Put dead fish in a scanner, push the button, and see what happens:
“By complete, random chance, we found some voxels that were significant that just happened to be in the fish’s brain,” Bennett said. “And if I were a ridiculous researcher, I’d say, ‘A dead salmon perceiving humans can tell their emotional state.’”
The result is completely nuts — but that’s actually exactly the point. Bennett, who is now a post-doc at the University of California, Santa Barbara, and his adviser, George Wolford, wrote up the work as a warning about the dangers of false positives in fMRI data.
Our old friend, the multiple comparison -- 130,000 of them in this case. Elsewhere this month I was reading about the impressive fault-tolerance and noise-reducing properties of neural circuits. Those properties imply that functionally important signals will be lower than any reasonable false-positive threshold in a scan of so many multiple comparisons.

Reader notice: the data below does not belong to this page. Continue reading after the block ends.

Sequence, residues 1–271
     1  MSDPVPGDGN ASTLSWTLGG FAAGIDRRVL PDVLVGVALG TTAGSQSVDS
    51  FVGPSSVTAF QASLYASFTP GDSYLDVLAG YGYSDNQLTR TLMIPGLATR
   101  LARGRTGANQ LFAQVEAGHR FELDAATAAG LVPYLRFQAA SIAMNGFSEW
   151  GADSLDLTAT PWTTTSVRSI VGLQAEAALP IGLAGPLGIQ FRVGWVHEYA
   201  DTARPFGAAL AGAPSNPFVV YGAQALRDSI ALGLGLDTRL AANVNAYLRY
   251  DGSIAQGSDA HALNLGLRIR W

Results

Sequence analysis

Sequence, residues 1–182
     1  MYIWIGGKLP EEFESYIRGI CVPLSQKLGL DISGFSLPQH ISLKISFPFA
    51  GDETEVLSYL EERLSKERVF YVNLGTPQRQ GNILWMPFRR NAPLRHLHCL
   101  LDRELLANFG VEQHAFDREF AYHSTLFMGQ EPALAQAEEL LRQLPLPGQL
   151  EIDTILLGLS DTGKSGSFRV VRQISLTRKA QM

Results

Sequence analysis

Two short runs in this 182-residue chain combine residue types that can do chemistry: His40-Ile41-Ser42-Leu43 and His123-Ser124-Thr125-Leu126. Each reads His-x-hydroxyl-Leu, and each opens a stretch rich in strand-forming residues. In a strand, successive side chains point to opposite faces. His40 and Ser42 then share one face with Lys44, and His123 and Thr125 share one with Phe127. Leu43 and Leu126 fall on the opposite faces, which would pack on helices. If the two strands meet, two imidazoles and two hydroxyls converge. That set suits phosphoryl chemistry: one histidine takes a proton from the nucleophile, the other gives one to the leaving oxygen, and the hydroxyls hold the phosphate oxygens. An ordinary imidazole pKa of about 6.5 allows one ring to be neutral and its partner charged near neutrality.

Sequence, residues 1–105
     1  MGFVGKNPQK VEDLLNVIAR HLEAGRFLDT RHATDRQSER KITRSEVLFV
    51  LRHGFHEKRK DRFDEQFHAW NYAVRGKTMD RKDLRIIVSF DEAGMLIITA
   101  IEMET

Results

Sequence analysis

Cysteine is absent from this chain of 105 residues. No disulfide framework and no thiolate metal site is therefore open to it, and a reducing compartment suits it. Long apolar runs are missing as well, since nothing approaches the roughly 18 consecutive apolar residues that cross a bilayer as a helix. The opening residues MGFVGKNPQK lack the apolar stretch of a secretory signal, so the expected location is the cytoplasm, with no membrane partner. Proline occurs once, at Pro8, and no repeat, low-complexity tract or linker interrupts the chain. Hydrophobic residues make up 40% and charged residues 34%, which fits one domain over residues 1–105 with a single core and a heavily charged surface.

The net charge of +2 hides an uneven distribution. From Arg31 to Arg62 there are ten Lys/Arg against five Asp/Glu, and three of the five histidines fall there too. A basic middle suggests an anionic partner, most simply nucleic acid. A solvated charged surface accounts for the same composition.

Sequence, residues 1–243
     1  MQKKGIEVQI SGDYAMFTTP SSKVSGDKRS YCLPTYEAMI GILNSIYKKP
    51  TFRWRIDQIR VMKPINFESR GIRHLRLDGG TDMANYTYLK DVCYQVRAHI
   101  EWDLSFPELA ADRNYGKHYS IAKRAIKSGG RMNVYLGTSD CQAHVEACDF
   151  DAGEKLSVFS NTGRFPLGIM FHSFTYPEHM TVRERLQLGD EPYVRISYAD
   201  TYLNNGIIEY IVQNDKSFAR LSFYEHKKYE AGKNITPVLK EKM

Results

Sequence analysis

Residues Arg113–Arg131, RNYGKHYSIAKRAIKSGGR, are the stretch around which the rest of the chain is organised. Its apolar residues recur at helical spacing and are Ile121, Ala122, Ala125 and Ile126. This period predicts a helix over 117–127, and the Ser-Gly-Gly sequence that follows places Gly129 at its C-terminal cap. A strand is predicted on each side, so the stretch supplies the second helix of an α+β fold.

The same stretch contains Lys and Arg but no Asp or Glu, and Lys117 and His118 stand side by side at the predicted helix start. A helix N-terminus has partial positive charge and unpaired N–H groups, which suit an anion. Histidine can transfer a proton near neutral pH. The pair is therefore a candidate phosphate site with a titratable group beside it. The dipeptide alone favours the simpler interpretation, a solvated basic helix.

So the problem is inevitable. Here's what concerns me:
Bennett’s paper has been turned down by several publications, but a poster on the work received an appreciative audience at the Human Brain Mapping conference earlier this summer. Neuroscience researchers have been forwarding it to each other for weeks.
Yes, use the editorial process to silence the internal critiques. Good plan, there, neuroscientists.